Mem Shannon's first album, A Cab Driver's Blues, became a minor media sensation upon its 1995 release due to circumstance more than music. Shannon's story is fascinating -- he's a New Orleans taxi driver who wanted to get out of the business and become a bluesman. That's basically what all the songs on the album are about, whether they're about the job ("5th Ward Horseman," "$17.00 Brunette"), domestic problems ("My Baby's Been Watching TV") or just life in general ("Food Drink and Music," "Ode to Benny Hill"). Shannon's songs have so much specificity and detail that they wind up being much more interesting than the average contemporary blues album. Also, his warm, laidback musical style is idiosyncratic and unpredictable. His delivery is friendly and conversational -- he often sounds as if he's singing directly to the listener. And it's that special, intimate quality that makes A Cab Driver's Blues a truly unique and special contemporary blues record.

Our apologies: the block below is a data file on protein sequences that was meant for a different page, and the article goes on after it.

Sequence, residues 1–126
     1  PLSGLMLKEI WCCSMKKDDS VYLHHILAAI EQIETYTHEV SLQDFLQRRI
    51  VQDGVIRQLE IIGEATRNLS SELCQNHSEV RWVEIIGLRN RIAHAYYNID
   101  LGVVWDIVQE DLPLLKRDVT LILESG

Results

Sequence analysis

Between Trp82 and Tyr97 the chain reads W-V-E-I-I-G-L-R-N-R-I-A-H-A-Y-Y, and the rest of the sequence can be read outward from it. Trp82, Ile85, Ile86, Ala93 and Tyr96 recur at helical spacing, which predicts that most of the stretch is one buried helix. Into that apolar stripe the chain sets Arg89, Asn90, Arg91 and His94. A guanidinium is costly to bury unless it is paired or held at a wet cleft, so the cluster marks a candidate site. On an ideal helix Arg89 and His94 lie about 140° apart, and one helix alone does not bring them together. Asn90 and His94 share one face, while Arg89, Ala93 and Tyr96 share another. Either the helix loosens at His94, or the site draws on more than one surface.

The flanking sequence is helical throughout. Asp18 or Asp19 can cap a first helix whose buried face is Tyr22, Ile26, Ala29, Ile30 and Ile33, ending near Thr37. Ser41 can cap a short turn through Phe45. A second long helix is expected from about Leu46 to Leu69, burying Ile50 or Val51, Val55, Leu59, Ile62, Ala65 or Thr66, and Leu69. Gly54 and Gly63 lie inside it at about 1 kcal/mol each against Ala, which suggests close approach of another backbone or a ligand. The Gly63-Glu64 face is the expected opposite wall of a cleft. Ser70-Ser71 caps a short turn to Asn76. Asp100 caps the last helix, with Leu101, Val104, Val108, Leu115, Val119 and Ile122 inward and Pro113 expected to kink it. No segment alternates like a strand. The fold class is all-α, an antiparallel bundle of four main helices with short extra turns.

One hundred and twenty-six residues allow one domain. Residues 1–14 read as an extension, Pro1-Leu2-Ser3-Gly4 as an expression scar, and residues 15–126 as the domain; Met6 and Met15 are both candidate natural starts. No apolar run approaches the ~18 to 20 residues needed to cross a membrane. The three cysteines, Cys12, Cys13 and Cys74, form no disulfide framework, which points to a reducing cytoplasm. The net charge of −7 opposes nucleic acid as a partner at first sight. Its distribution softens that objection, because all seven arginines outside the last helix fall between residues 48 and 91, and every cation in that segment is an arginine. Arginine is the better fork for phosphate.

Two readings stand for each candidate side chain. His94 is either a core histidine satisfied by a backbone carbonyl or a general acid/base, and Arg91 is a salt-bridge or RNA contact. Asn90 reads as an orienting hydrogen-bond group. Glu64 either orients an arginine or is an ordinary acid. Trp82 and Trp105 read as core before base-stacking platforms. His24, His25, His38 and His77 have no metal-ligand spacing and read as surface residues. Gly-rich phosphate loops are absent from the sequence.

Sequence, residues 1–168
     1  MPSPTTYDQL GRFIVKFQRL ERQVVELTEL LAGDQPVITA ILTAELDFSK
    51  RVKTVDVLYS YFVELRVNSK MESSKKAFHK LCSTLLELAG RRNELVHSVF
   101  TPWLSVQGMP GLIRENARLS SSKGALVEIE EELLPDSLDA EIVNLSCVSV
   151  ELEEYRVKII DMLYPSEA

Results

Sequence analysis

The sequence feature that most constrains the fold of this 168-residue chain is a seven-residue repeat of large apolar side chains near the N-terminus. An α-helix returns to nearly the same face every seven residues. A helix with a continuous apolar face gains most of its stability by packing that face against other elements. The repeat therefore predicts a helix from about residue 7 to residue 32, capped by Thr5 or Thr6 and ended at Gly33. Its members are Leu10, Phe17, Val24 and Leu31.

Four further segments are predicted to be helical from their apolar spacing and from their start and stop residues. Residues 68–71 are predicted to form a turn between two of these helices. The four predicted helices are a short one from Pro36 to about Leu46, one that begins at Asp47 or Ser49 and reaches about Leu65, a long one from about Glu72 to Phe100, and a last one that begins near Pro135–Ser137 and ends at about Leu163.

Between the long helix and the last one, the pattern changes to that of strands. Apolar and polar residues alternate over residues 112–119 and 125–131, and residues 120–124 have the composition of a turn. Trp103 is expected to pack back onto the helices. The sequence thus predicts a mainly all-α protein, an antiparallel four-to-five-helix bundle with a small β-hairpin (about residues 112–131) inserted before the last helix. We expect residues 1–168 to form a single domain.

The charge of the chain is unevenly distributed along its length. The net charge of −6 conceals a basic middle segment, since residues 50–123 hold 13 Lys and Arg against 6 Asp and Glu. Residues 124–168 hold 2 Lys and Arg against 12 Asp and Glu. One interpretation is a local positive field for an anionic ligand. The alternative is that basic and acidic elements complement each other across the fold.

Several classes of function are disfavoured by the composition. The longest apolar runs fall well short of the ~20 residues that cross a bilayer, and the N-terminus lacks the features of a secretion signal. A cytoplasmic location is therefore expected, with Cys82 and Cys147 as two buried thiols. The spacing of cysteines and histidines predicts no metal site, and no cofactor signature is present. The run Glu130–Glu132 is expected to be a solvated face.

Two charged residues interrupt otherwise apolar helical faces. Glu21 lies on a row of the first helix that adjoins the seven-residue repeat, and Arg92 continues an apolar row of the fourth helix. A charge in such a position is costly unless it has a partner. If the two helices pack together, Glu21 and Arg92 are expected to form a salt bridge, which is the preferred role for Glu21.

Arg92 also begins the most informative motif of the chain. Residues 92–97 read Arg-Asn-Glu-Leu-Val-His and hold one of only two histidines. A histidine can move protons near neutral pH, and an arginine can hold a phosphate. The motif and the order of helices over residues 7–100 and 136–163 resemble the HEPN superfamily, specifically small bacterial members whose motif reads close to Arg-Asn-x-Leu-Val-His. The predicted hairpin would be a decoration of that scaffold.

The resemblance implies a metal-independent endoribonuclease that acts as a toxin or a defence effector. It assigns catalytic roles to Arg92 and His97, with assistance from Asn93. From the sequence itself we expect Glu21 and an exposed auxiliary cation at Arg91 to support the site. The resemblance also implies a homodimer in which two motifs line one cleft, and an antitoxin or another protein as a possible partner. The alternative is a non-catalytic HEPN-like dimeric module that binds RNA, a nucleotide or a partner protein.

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AllMusic Review by Thom Owens